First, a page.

The same paragraph appears verbatim at the commencement of each statement disclosed voluntarily by the NLRB, and is uniformly inserted into statements given to the NLRB. On this basis, the NLRB asserts the statement to be made by a confidential source.

 Conditional confidentiality, as granted here, does not create a justifiable expectation of confidentiality after the close of enforcement proceedings. When faced with this statement and the propriety of applying exemption 7(D), Judge Snyder, in Mylan Pharmaceuticals Inc. v. NLRB, 407 F. Supp. 1124 (W.D.Pa.1976) held:

 

" "All of the persons interviewed in the course of an N.L.R.B. investigation are potential witnesses whose identity will ultimately be disclosed to a respondent if they are called to testify. I see no basis for considering such persons to be confidential sources within the meaning of exemption (7)(D) . . .' " 407 F. Supp. at 1127, quoting Climax Molybdenum Co. v. NLRB, 407 F. Supp. 208 at 209 (D.Colo.1975).

 Any declarant making a statement to the NLRB recognizes that he has no control over whether his statement will be disclosed. He can rely on confidentiality until the time of the hearing. He cannot expect to remain anonymous after the hearing, since his statement can be disclosed on the decision of the government. He is therefore not a confidential source within the meaning of exemption 7(D).

 In coming to this conclusion, we reject the reasoning of T. V. Tower, Inc. v. Marshall, 444 F. Supp. 1233 (D.D.C.1978). In that case, exemption 7(D) was found to apply to similar statements because:

 

"Agencies, such as OSHA (and the NLRB) depend in the execution of their enforcement functions upon information provided by third parties; but such third parties would often be reluctant to provide enforcement-related information if their identities were likely to be made public. . . . Because it is necessary in the effective exercise of its enforcement function for the agency to be Able to call as a witness in an agency proceeding anyone who will strengthen the agency's case, all interviewees could be potential witnesses and OSHA (or the NLRB) would never be able to give an assurance of confidentiality without having to commit itself at the outset of an investigation as to who will and who won't be called to testify at a subsequent proceeding." 444 F. Supp. at 1237 (emphasis in original).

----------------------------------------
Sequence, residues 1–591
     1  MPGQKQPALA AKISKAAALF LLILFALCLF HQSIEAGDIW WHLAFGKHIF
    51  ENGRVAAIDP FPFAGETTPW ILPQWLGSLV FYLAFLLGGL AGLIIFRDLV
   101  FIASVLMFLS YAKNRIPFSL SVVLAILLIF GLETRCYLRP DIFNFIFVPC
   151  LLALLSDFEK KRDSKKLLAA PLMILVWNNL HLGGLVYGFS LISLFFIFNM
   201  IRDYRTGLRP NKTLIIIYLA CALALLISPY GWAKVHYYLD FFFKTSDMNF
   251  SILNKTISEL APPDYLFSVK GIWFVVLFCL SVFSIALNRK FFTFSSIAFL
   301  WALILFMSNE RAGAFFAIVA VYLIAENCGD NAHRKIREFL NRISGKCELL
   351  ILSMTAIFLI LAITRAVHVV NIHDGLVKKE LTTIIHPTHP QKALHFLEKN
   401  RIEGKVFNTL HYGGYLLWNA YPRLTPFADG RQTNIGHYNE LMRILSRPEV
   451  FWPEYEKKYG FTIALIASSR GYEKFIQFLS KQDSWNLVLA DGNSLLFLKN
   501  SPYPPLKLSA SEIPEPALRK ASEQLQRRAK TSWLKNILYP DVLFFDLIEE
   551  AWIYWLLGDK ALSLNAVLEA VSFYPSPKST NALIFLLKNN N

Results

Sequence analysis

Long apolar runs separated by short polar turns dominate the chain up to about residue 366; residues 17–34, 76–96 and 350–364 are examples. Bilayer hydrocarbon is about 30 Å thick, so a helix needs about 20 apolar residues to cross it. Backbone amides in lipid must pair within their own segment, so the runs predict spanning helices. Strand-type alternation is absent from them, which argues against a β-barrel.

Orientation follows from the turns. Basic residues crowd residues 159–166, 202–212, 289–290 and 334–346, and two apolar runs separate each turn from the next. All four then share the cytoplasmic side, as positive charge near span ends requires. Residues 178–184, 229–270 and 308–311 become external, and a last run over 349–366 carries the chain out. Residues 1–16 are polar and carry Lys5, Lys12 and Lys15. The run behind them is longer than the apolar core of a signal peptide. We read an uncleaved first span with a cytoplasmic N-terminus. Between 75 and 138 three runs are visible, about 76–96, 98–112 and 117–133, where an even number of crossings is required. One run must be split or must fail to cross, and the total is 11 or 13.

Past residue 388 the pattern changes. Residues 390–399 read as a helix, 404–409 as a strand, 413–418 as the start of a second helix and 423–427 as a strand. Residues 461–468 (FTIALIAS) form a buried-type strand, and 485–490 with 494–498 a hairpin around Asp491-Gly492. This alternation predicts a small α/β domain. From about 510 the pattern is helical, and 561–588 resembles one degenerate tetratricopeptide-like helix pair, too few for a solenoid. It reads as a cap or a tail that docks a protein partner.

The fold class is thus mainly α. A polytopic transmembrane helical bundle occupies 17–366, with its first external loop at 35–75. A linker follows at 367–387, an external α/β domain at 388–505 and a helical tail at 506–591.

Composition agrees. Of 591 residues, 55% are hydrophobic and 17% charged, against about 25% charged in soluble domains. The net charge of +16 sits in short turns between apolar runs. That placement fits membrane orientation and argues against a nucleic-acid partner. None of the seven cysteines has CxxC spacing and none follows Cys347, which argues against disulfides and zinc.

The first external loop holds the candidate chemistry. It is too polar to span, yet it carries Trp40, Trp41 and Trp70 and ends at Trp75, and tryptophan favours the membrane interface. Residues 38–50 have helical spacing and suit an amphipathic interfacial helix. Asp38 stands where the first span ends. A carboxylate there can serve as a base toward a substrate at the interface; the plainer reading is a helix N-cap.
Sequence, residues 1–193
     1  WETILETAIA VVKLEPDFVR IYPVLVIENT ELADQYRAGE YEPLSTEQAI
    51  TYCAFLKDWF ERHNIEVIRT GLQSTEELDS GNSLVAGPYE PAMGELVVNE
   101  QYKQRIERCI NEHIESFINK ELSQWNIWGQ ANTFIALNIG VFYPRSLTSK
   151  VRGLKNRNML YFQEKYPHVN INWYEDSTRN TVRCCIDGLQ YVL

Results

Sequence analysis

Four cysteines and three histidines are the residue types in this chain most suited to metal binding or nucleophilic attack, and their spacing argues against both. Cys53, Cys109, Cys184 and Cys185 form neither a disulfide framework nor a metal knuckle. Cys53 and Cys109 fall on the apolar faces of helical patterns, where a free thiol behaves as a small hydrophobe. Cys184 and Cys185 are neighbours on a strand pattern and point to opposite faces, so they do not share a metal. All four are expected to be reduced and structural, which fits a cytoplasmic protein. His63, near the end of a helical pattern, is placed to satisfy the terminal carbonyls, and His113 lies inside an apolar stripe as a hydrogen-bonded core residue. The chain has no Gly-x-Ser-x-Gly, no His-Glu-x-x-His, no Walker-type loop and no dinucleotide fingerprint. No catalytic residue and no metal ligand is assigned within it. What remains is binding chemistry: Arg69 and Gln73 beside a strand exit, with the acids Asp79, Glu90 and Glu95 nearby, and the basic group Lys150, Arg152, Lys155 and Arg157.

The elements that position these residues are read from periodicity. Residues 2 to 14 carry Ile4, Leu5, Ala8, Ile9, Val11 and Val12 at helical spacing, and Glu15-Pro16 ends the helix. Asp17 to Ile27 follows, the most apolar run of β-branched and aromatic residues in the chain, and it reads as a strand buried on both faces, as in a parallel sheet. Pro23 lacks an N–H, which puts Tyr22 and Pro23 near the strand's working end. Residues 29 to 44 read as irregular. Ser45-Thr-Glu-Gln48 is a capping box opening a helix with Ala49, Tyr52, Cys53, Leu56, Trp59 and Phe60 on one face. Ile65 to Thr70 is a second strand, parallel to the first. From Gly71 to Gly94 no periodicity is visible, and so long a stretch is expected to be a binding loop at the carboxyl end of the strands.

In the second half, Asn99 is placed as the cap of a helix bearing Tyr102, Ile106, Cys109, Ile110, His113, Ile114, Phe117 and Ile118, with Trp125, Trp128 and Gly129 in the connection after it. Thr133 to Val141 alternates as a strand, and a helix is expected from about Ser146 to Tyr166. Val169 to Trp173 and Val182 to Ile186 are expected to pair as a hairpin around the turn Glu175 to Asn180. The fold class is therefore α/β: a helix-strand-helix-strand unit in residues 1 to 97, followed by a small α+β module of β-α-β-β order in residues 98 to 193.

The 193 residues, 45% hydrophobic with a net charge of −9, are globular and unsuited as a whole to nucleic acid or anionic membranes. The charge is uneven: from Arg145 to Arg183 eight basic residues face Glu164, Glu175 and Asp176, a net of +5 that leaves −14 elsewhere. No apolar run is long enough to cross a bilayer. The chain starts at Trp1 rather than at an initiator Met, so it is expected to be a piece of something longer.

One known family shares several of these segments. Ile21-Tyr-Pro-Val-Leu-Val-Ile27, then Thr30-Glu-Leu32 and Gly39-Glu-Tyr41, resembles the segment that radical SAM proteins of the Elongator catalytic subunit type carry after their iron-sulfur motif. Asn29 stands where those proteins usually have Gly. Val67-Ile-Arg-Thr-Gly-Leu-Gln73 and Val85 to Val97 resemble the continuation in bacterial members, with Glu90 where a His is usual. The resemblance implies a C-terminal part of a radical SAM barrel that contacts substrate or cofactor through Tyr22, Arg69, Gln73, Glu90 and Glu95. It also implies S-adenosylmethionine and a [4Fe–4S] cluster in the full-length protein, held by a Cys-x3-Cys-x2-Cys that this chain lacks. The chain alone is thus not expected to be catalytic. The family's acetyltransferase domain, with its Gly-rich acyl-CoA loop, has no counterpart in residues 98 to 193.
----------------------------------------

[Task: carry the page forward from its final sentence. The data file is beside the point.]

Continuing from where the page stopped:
These fears would be properly raised if it were not the policy of the NLRB to grant blanket confidentiality to all statements made in the course of an investigation. The T. V. Tower opinion recognizes not all declarants require confidentiality in stating that "third parties would Often be reluctant to provide . . . information if their identities were likely to be made public." (emphasis added). Confidentiality should be given to the reluctant upon request. If the NLRB granted confidentiality to declarants when necessary in their discretion, based on the facts of each case, a different question would be presented. The T. V. Tower argument would be more convincing. We find, however, that exemption 7(D) requires the grant of confidentiality to be made on the basis of good faith discretion, not on the basis of arbitrary rule, as the grant was made in this case.

 A different case would be presented as well if we were not convinced the declarant is protected from retaliation by his employer. We note that this declarant is afforded the same protection from retaliation as a witness who testified before the NLRB. See 29 U.S.C. § 158(a)(4). Since the declarant could expect, at the time his statement was given, to be called as a witness by the NRLB, his justifiable expectation of protection at that time is the protection given to a witness. As a result, disclosure does not substantially compromise the justifiable expectations of the declarant.